Ready to jump in? Good. Get ready for 5 of the most fascinating facts about this piece of forward-thinking business infrastructure known as the Internet of Things.
1. The IoT Provides a Bridge Between the Physical World and the Virtual World
This is the aspect of the IoT that will make it absolutely indispensable in the coming years. Also known as “edge computing,” we’re talking about the work taking place at the edges of a network, most often the edge between the real world and the virtual one. Sometimes referred to as “cyber-physical” computing, the IoT is what brings the two worlds close enough to work in harmony. Think about your security cameras at the factory. These cameras are literally recording the real world and sending that recording to a storage facility on your cloud account so you can have a record of everything that happens at the loading docks.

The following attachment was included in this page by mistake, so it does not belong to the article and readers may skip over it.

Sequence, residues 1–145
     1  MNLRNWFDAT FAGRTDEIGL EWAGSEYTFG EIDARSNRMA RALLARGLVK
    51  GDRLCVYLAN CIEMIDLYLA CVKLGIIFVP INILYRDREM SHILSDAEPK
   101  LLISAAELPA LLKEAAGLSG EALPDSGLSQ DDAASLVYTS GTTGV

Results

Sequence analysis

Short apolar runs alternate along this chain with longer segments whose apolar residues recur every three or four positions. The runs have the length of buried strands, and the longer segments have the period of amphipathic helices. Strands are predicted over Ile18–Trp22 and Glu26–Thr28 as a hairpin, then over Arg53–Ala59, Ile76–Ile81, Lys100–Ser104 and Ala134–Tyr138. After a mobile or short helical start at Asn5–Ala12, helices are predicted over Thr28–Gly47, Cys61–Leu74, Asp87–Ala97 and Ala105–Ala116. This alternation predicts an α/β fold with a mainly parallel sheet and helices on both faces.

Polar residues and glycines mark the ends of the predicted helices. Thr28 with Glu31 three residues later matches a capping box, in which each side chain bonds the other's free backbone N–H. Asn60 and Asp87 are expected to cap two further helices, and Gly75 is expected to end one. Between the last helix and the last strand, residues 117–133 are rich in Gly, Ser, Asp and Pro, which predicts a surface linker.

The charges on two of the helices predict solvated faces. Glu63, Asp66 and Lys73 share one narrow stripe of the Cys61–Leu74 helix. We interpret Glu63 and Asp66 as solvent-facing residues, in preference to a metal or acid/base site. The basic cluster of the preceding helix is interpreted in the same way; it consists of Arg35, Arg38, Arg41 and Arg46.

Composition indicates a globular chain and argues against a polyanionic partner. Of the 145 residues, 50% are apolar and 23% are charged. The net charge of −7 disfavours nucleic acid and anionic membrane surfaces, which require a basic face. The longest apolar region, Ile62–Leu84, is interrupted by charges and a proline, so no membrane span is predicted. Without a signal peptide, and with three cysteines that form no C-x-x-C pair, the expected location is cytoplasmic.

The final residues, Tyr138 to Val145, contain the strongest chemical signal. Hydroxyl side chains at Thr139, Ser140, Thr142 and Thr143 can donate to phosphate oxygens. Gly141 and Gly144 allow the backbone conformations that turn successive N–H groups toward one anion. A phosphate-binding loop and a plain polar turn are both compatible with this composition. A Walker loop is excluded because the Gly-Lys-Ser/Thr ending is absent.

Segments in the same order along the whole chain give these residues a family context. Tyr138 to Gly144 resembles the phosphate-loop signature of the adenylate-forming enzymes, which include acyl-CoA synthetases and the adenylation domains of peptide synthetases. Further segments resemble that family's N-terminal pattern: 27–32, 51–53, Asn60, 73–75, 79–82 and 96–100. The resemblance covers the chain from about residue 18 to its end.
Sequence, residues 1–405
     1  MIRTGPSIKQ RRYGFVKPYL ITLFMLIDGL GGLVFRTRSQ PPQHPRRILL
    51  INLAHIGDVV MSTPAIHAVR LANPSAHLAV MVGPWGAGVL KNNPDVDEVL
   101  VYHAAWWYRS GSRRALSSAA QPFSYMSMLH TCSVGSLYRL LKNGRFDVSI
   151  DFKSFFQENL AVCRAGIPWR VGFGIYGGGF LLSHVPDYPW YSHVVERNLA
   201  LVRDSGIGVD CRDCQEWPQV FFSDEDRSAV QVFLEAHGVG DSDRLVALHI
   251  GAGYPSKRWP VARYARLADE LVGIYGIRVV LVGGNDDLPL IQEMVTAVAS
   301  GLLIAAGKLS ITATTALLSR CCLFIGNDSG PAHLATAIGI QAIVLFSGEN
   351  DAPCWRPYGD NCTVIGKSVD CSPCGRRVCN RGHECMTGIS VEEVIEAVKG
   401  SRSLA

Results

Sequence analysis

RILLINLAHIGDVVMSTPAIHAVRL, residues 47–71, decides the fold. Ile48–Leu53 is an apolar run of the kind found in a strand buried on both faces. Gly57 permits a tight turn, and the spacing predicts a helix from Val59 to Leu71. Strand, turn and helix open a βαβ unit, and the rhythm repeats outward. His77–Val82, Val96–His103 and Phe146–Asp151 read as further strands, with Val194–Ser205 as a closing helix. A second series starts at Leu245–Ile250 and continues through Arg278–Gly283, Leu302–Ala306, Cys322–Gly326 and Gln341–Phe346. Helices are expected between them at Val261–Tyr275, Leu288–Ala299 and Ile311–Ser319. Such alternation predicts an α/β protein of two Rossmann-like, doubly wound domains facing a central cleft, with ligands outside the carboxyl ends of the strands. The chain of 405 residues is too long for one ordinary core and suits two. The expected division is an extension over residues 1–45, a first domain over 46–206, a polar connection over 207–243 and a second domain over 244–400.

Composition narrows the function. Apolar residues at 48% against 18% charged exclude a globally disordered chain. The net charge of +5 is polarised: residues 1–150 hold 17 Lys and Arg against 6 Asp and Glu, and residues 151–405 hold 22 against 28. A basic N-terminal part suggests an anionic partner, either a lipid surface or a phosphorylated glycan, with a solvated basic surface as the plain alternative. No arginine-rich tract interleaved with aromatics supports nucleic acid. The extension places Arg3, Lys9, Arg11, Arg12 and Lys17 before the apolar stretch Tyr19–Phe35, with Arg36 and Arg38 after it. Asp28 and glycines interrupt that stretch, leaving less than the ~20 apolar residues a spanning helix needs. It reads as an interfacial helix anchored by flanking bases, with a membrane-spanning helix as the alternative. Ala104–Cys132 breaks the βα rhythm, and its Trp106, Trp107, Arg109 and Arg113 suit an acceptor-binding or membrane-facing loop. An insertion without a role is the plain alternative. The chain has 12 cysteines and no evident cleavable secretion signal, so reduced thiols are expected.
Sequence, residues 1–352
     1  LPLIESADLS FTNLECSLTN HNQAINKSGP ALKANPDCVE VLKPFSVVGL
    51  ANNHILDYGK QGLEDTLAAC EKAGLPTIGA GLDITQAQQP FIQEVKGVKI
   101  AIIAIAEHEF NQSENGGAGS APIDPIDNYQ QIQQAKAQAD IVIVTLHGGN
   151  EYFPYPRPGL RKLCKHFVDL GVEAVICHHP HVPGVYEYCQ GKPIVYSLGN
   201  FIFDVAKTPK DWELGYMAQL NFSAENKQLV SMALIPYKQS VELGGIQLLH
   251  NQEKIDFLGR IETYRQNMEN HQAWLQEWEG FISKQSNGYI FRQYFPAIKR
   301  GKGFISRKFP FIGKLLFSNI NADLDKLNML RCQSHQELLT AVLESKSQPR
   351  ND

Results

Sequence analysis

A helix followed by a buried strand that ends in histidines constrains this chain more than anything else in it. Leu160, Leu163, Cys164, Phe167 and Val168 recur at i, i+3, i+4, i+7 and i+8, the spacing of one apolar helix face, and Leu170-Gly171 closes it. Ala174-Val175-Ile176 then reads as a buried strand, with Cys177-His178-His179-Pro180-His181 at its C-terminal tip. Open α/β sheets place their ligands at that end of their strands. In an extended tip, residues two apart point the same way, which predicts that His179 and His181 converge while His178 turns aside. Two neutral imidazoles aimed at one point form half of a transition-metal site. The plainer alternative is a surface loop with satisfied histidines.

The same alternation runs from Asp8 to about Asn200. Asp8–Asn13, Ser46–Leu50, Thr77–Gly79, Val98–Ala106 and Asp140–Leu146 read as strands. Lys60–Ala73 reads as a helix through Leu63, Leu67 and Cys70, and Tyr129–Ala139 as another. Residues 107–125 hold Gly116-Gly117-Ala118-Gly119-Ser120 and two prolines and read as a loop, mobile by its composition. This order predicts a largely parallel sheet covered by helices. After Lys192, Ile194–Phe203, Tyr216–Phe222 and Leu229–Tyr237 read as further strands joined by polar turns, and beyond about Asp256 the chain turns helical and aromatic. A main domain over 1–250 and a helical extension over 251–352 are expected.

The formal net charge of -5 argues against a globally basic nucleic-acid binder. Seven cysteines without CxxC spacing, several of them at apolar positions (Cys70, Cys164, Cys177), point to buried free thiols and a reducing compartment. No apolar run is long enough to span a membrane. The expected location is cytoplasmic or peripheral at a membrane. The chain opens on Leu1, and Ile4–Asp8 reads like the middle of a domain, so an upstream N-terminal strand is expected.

2. It’s Been Around Longer Than You Think
The first “official” IoT device was a Coke machine on the campus of Carnegie Mellon University in Pittsburgh, Pennsylvania. The year was 1982, and students wanted to be able to know in advance if newly loaded cans of soda were at peak coldness, so they rigged the machine to report this information to a computer in a nearby office. The idea has been around even longer, however, if you consider that ATM machines have been reporting cash levels back to the central bank servers since 1974. The term “Internet of Things” traces its history to 1999, when Kevin Ashton used it in a presentation to Procter & Gamble in describing how they needed to be able to track inventory levels of one product that consistently sold out. Yet, despite this history, it’s estimated that 87% of the general public does not know what IoT means.